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Background Information

It is Shrove Tuesday, also known as pancake day! And I am planning on making pancakes. However, my little brother made pancakes at school and he used a different recipe to what I normally use; it was still composed of the three basic ingredients: flour, egg and milk, but he used different quantities. Also, the website that I had previously gotten my pancake recipe from also changed its recipe and I have seen other websites use different quantities as well, which has caused me to wonder what the best quantities actually are.

Recipes I have encountered

Recipe               | Flour (g) | Egg | Milk (ml)
---------------------|-----------|-----|----------
Website's old recipe | 200       | 2   | 350
---------------------|-----------|-----|----------
My brother's recipe  | 115       | 1   | 300
---------------------|-----------|-----|----------
Website's new recipe | 100       | 2   | 300

Question

How does the quantity of different ingredients affect the properties (such as thickness, frailness and taste) of an English pancake?

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More flour: Thicker, cakier

Less flour: Flatter, more custardy

More egg: Chewier

Less egg: Breadier

More milk: Flatter

Less milk: Thicker

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Not a fully comprehensive nor completely scientific method of evaluation, but let me pass on some brevet learning I did last night ;)

I usually make pancakes using the same proportions as I do for Yorkshire Pudding batter, just slightly thinner. When I say "usually" I mean about every 10 years or so, if we decide to have them on that one day a year & if it's me that volunteers… so, not all that practised really...

  • 3 oz plain flour
  • 3 fl oz milk
  • 3 fl oz water [2 for Yorkies]
  • 1 large egg.
    Imperial measurements because that's what we had when I first made them nn years ago ;)

Let it stand for 2 - 4 hours before cooking.

So, last night I realised as I was making the first two, that because I'd chosen two 30cm pans I wasn't going to get the quantity I'd been hoping for. I'd normally use 20cm pans, but I only have one at the moment so it wasn't an option to swap.

These came out …edible - slightly doughy, cakey as they were too thick & just a tad rubbery. A good colouration, light crackly browning to the edges, slightly robust texture with plenty of stretch, quite crêpe-like. I don't think I had the pans quite hot enough overall, so I turned up a bit for the next batch.

In a flat panic as I was getting the first two going, I threw more flour, milk & water in on top of my last quarter of remaining batter. I really had badly underestimated quantities, so this second batch with approximately the same proportions of flour & milk, now had far less egg & a fair amount more water.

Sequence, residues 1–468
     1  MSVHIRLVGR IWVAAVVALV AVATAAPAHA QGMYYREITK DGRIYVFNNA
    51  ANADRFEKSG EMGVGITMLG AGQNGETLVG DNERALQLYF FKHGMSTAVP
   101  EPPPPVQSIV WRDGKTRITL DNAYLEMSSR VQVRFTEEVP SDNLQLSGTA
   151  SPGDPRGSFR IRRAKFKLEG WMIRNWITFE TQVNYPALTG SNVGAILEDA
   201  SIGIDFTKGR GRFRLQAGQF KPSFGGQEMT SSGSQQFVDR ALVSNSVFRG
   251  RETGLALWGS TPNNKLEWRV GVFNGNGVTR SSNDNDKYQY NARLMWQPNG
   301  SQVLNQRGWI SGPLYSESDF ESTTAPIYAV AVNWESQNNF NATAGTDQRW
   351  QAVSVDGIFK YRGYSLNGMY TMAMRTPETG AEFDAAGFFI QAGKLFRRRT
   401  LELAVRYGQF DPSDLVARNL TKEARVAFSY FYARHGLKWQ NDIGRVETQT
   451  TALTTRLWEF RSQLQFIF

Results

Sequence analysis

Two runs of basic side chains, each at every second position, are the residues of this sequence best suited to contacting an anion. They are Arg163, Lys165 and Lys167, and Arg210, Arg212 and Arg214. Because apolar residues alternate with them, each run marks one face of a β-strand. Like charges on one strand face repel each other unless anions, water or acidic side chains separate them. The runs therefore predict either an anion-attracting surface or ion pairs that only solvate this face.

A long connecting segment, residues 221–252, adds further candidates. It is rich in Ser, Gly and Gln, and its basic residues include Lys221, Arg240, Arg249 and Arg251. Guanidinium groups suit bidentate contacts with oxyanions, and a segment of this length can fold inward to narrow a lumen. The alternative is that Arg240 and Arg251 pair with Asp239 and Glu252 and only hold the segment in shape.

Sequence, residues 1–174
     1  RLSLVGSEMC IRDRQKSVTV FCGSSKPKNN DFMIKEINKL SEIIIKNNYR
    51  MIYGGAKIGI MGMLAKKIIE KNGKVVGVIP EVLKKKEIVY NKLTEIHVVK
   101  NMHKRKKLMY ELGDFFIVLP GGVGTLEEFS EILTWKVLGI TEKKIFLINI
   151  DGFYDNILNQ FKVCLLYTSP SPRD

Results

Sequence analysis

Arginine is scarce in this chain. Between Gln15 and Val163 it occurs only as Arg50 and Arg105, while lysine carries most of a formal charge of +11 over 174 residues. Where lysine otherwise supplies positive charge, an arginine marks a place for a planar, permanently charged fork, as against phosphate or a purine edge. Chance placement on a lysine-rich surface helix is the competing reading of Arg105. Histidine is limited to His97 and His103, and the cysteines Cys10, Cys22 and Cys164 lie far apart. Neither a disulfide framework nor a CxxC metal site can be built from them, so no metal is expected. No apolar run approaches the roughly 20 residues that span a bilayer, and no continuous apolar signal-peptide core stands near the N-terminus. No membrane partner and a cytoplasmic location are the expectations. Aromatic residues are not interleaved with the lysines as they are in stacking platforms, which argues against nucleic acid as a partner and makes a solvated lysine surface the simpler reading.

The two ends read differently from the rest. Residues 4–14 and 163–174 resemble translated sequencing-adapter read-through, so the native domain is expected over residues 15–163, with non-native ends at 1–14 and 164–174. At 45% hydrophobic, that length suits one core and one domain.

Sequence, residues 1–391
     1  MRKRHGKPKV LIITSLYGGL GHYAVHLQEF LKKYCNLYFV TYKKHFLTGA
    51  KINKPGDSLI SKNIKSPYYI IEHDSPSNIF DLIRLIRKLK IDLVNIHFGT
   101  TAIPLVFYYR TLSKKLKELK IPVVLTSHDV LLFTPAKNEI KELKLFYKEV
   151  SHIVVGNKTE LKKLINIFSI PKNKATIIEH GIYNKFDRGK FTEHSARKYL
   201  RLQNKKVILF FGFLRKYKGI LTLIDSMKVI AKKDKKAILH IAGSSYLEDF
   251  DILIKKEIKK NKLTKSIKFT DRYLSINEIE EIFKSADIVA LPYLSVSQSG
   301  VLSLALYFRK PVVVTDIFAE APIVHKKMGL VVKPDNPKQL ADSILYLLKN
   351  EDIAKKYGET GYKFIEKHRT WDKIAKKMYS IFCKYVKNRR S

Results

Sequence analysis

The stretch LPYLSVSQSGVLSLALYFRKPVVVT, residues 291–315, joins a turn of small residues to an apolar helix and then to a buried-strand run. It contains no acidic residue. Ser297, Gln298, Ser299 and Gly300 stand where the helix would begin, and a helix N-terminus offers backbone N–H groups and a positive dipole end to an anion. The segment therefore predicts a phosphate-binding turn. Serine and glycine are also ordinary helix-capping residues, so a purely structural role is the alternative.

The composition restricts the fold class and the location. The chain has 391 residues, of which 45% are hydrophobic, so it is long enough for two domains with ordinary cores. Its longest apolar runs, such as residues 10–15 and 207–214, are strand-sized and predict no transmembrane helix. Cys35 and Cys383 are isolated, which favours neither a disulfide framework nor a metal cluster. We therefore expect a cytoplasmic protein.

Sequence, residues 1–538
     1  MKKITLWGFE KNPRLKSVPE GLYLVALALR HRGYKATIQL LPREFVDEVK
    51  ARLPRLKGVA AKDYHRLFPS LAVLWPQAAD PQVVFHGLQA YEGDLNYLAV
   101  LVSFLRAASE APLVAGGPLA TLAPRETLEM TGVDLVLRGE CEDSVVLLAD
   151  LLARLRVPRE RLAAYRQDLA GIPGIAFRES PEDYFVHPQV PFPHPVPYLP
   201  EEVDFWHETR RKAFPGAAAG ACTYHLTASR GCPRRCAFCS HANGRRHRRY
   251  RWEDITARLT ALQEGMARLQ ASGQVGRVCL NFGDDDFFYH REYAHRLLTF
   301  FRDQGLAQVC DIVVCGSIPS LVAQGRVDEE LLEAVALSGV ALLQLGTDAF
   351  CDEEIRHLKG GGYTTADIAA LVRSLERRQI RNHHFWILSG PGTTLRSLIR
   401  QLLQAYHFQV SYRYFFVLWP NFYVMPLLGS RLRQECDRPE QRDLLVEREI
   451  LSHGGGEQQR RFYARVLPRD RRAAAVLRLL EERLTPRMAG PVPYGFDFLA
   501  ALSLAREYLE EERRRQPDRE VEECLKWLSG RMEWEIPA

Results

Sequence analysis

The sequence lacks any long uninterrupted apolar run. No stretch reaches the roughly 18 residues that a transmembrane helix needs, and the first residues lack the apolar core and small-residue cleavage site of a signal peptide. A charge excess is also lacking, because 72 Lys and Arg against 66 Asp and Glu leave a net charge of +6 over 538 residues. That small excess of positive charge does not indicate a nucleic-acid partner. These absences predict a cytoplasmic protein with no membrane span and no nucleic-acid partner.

I'd estimate my initial 3:3:3:1 ratio was now more like 3:3:5:¼. Also, only part of the mixture had been rested.

Still had some of the stretch of the first batch, better edge browning, thinner so felt more lacy & delicate. Overall, less 'defined', more likely to break when flipped. Less successful, but still edible.

You guessed it - in my panic, I'd still not made enough batter, I'd seriously underestimated how much bigger a 30cm pan is compared to a 20, so I went all in for mix three, having learned a lot from the first two.
3:3:6:1 - twice as much water to get the thinness I'd got in the second batch, another whole egg, but my pans were completely settled at temperature & I'd also turned both up a bit to get these last ones out quicker.

This was the perfect batch.

Light, airy, crispy, slightly bubbled edges. They cooked quicker, were easier to spread the batter in the pan. They were quite delicate; a result, imo, of being thinner & not having had the resting time before-hand.

As a result of that field testing whilst under fire, I now know my recipe for next year…

  • 3 oz plain flour
  • 3 fl oz milk
  • 6 fl oz water
  • 1 large egg.
    Let stand for one hour.

This should regain some of the elasticity I was missing from the last batch, but retain the airy crispness I was getting round the edges.

So, egg gives robustness & some elasticity. Resting gives more elasticity still. Lots more water means they'll spread much thinner in the pan, cook faster & have a better 'crust'.

Let's see if I can live up to that estimate next year.

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I have noticed that more eggs you have the tougher the pancakes would be. and majority of people likes them fluffy and light.

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  • 'Fluffy and light' sounds more like a Scotch or American pancake to me.
    – OJFord
    Feb 26 '20 at 17:26
  • I would be very careful with statements like “everyone likes them this or that way. Taste is not only subjective, but also depending in cultural expectations. I remember serving sticky rice (just as it was supposed to be) to an elderly relative, who was wondering what on earth I may had done wrong (her expectation being rice with individual grains).
    – Stephie
    Feb 26 '20 at 20:25

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